Danube Water Quality: Little Improvement Due to “Lack of Ambition” in Management Plans, Say EU Auditors
There has been little improvement in water quality along the Danube, despite countries in the river basin implementing the EU Water Framework Directive since 2004, according to a new report from the European Court of Auditors. The auditors highlight “lack of ambition” in the countries’ plans as the main reason for the limited progress. The audit focused on four Member States in the Danube river basin – the Czech Republic, Hungary, Romania and Slovakia.
“EU water policy should ensure a sufficient quantity of good-quality water for people’s needs and for the environment,” said Mr George Pufan, the Member of the European Court of Auditors responsible for the report. “For that to happen along the Danube, countries need to step up their efforts.”
Between 2007 and 2013, the European Regional Development Fund/Cohesion Fund provided €6.35 billion to Member States in the Danube basin for waste water treatment. Over the same period, the European Agricultural Fund for Rural Development provided €6.39 billion to compensate farmers taking agri-environmental measures.
But the Member States’ 2009 river basin management plans lacked ambition. The auditors pointed to a poor targeting of measures for water bodies of unsatisfactory quality. This was due in particular to shortcomings in monitoring systems resulting in a lack of data both on the type and sources of pollution that caused water bodies to fail. In addition, Member States exempted, without sufficient justification, a significant number of water bodies from important deadlines for reaching good quality status.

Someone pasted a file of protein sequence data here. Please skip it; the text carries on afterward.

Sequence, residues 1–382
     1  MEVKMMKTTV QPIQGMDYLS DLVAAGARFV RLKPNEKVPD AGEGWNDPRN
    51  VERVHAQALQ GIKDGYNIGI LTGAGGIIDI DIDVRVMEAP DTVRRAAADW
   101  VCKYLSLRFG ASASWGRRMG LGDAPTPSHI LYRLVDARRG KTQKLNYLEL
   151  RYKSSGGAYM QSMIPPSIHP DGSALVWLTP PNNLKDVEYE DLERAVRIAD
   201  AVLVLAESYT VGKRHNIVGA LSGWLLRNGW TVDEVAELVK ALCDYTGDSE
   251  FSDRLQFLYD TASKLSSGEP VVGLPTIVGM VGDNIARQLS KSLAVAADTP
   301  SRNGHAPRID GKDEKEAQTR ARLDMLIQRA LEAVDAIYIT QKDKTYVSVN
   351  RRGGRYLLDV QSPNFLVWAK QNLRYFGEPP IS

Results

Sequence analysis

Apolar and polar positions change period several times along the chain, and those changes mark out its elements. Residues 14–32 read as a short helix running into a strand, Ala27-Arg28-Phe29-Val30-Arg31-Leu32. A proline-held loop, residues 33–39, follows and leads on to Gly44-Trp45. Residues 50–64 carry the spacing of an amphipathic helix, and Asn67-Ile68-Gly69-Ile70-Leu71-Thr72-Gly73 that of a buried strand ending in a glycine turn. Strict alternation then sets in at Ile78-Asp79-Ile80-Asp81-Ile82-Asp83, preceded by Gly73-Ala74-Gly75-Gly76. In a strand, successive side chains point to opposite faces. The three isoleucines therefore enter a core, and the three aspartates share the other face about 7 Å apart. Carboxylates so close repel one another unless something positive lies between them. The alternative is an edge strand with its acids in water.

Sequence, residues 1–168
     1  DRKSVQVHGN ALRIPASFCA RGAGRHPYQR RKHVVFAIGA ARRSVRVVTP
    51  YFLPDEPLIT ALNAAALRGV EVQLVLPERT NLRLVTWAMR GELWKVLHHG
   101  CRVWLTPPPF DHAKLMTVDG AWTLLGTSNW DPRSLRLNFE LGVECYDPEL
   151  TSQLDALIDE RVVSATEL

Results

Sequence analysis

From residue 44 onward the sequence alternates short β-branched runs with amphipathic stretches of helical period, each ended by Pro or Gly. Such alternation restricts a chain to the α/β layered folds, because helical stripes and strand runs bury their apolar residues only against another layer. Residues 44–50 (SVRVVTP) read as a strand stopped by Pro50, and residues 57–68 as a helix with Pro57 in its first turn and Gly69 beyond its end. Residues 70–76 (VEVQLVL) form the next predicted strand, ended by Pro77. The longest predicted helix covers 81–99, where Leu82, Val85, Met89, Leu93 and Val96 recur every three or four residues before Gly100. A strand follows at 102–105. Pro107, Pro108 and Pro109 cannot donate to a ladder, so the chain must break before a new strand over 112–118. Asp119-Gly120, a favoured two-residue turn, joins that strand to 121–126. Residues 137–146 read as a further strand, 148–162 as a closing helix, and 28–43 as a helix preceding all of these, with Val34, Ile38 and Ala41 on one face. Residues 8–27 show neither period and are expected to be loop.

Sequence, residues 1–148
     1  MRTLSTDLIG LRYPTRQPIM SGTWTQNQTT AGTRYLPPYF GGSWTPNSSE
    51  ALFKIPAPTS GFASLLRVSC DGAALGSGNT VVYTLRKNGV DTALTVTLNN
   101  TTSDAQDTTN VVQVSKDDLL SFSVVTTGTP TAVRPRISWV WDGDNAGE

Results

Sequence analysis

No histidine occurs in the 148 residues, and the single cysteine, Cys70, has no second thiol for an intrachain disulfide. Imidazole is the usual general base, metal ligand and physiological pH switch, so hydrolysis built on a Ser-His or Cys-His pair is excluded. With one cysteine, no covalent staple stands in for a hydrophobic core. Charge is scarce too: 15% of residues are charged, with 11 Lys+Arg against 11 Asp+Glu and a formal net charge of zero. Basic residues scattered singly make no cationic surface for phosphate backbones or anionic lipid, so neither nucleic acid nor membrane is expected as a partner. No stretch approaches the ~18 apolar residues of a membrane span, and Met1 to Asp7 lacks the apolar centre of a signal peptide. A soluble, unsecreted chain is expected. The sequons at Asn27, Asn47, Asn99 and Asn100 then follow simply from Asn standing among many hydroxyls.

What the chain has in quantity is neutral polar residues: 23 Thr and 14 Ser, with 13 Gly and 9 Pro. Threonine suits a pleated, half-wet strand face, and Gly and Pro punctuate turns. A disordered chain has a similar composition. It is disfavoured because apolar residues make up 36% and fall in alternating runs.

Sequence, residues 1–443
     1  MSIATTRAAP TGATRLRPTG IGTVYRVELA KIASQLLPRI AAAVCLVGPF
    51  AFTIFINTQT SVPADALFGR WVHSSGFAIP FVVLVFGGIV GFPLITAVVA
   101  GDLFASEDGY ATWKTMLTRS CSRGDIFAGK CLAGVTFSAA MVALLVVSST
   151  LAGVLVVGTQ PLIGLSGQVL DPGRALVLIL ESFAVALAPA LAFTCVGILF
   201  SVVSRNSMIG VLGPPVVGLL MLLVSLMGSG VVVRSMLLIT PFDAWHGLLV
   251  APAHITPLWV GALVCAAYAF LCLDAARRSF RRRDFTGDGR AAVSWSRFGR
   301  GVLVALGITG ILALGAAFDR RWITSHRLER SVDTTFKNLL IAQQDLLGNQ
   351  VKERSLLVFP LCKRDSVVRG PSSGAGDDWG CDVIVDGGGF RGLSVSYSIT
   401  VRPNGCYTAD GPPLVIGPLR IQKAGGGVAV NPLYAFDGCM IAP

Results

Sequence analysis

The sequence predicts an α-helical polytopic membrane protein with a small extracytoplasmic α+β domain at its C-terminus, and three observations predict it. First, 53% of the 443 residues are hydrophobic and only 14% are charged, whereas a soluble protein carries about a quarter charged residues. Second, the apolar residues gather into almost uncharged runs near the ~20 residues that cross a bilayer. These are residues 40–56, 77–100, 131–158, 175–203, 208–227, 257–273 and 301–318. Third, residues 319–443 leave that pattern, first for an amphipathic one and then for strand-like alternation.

There were delays in the implementation of the Urban Waste Water Treatment Directive, while the Nitrates Directive (aimed at reducing nitrogen emissions) was not being fully exploited. Furthermore, treatment plants and industrial installations needing specific emission limits were not identified. Additional measures in the field of agriculture were rendered less effective as they were mainly of a voluntary nature.
The auditors make a number of recommendations both to the Member States and to the European Commission.
The Member States should:
- improve their monitoring and diagnosis systems for water pollution;
- provide clear and valid justifications when granting exemptions;
- identify cost-effective measures to be targeted;
- and consider charges or taxation to discourage emissions.
The Commission should:
- provide guidelines for differentiated reporting on progress;
- examine binding criteria for Member State inspections of urban waste water treatment plants;
- consider limiting phosphorus application on land;
- and provide guidance on cost recovery in relation to environmental damage caused by diffuse pollution (pollution caused by a range of activities). Currently, the ‘polluter pays’ principle is only partially applied to diffuse pollution from agriculture.
The Commission and the Member States should jointly assess the effectiveness of the enforcement mechanisms in agriculture.
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